In my continuing series on What is dementia?, for part 3, I am explaining in more detail, the two infographics published earlier this month. Please do let me know if I have any information incorrect! I am doing my best to ensure it is both accurate and easily understood by those of us living with or supporting someone with dementia. They are not meant to be necessary for medical or nursing students, although they may be helpful to them.

Many people ask is Alzheimer’s Disease dementia.

Many who have been diagnosed with dementia are told their dementia is FTD or PPA.

I often hear clinical experts and researchers say, ‘Alzheimer’s or dementia’, also implying that Alzheimer’s is not dementia.

 

Please click on the link to read the rest of ‘What is Dementia Part 3’ Source: What is dementia? Part 3

What is dementia? Part 2

Again this is not one of our original post but a reprint from https://kateswaffer.com/2016/09/19/what-is-dementia-part-2/A

There is no time today to write a blog, or for anything other than adding this graphic, which is also from our book, Diagnosed with Alzheimer’s or another dementia released last week. Like the umbrella graphic from a couple of days ago, this does not outline every single symptom but is an overview of what to expect from damage in the different areas of the brain. Again this was produced by my BUB, but the information within the boxes comes from Lee-Fay and myself; we felt a simple graphic like this would be helpful as an overview of the disabilities caused by the various symptoms of dementia, specific to which area of the brain is affected.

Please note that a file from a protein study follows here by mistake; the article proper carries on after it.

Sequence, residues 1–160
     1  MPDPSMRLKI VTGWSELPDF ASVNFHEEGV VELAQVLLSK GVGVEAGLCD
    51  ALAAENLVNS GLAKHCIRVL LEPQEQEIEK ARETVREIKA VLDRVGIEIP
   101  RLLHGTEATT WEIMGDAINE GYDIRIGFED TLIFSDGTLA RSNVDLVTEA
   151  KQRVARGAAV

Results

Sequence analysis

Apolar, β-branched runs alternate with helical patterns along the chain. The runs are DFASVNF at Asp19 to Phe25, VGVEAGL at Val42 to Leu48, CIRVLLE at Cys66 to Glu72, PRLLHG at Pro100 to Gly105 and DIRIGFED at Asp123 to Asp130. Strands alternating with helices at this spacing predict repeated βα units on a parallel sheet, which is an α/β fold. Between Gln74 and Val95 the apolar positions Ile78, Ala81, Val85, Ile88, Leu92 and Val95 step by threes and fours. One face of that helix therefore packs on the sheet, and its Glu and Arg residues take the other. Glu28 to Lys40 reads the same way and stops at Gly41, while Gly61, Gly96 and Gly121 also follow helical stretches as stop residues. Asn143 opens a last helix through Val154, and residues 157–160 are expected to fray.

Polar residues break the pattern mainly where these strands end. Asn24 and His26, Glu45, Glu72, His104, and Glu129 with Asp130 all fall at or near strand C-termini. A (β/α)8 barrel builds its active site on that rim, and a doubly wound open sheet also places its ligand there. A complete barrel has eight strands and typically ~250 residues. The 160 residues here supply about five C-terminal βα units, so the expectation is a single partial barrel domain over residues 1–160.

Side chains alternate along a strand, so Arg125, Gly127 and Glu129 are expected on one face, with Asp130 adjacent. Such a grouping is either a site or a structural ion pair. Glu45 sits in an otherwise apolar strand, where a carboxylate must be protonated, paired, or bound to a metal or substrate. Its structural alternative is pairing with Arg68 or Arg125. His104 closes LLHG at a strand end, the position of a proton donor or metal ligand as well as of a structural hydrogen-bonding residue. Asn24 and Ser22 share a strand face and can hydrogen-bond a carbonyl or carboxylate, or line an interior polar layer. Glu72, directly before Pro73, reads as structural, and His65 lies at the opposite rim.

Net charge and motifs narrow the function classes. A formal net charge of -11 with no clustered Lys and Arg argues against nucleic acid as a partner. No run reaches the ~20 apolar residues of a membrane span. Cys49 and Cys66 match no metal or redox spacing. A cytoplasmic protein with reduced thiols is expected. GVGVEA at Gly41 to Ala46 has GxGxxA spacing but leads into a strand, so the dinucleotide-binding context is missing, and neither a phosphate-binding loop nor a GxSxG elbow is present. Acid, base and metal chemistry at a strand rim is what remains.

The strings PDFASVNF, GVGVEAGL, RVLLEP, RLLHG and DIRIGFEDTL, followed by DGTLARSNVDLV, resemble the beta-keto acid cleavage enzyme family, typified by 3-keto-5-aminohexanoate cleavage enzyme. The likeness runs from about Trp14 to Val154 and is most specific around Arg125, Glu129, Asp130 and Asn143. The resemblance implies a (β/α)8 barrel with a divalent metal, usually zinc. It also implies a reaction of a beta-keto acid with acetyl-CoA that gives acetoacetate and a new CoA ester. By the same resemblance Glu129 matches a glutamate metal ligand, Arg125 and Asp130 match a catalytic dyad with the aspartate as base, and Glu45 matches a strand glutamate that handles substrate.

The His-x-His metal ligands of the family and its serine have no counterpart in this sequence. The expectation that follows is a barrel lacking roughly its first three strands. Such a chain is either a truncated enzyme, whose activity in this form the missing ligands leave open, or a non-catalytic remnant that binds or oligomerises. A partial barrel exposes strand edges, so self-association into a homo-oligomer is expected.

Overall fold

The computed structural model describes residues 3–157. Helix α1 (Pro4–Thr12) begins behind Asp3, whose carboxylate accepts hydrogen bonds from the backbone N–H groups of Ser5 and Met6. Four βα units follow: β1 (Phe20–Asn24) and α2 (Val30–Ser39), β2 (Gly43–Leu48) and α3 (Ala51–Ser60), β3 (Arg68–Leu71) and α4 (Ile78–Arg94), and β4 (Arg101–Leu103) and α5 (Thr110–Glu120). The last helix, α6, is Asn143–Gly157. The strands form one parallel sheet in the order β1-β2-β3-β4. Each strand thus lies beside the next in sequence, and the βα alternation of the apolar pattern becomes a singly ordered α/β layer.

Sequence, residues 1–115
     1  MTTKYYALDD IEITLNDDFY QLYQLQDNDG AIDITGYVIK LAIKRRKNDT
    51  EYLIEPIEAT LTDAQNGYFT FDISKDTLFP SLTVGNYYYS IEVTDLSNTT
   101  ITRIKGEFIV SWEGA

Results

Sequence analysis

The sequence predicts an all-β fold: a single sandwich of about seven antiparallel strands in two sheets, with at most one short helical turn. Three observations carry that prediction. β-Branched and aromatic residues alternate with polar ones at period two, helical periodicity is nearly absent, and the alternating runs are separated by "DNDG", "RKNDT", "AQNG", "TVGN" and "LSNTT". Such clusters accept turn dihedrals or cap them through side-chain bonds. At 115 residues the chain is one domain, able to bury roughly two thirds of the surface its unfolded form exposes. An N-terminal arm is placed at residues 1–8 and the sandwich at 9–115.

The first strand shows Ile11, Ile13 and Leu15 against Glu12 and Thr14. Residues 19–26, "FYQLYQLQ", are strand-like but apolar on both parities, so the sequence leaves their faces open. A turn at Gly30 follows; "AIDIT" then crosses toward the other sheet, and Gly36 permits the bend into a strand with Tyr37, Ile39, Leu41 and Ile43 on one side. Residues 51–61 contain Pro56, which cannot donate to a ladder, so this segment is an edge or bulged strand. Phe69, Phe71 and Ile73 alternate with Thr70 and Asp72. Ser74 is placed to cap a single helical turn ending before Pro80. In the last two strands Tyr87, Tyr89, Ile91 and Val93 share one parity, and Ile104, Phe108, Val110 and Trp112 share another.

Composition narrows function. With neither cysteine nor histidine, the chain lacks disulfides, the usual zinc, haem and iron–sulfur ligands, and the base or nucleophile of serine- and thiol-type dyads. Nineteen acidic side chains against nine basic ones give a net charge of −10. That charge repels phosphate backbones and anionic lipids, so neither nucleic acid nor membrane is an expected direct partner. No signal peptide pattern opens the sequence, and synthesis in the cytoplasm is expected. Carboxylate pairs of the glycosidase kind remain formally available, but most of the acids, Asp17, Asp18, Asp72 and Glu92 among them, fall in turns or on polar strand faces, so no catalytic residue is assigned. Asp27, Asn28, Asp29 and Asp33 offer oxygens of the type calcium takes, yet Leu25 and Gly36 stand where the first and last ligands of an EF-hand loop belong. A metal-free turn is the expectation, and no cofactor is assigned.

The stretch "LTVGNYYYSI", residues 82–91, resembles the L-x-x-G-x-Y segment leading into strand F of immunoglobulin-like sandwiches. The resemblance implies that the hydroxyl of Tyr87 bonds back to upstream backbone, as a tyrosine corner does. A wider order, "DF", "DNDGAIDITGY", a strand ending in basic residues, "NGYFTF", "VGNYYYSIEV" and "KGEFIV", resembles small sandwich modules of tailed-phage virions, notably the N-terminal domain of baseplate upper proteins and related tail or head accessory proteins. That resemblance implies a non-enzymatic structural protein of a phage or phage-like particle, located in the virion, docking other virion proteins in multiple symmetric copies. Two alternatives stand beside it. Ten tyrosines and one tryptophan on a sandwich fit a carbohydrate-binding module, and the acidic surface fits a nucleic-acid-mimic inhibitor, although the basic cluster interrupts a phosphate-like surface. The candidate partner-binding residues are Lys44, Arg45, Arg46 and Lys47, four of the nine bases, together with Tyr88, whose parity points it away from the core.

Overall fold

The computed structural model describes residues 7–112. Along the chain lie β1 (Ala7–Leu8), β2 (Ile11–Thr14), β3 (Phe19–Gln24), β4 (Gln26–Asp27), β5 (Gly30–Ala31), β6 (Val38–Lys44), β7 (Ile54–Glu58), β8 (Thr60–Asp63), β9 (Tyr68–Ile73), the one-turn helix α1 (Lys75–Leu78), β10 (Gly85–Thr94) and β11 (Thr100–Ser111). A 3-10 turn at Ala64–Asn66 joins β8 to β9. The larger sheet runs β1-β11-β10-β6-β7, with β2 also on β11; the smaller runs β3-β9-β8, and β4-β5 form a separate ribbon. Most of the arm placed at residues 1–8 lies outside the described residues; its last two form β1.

Source: What is dementia? Part 2

“What is dementia?” Part 1

One of the Questions that I am asked most is what is the difference between Alzheimer’s and dementia. Often the initial diagnosis is the catch-all phrase dementia. Then later after the disease progresses and further testing you may get a more specific diagnosis. For us, it was approximately 2 and a half years. We had the second MIR another round of test mostly memory tests, but also blood and urine tests and an extensive interview with a second neurologist. She confirmed that it was Alzheimer’s.

I have chosen to share another site’s in-depth explanation she has done a far better job of explaining than I ever could.
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Currently I am working on a piece titled “What is dementia?” which I have decided to turn into a short series of blogs. So often, I am asked questions that I had imagined health practitioners would (and should) actually know the answers to if they are working in the field of dementia, but even some of the educated ones are operating under a lot of myths and misperceptions. Only last week, yet another registered nurse who has been working in a dementia specific unit for more than 20 year, asked me is Alzheimer’s disease dementia.

What this means, I think, is although I realise there is a lot of upskilling of medical and nursing staff going on in many countries, it cannot come quickly enough! Imagine if I worked in ICU, and didn’t know how to insert a cannula or resuscitate someone, a very simple procedure in an area like that. We would all, quite rightly, be outraged…

So…